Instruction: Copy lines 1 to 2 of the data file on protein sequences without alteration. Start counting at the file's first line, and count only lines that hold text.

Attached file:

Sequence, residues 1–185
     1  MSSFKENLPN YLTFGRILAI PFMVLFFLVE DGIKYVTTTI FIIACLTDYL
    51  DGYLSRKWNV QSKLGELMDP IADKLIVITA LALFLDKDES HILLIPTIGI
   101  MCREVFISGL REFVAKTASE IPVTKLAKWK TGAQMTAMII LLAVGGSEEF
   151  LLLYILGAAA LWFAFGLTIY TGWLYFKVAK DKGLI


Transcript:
Sequence, residues 1–185
     1  MSSFKENLPN YLTFGRILAI PFMVLFFLVE DGIKYVTTTI FIIACLTDYL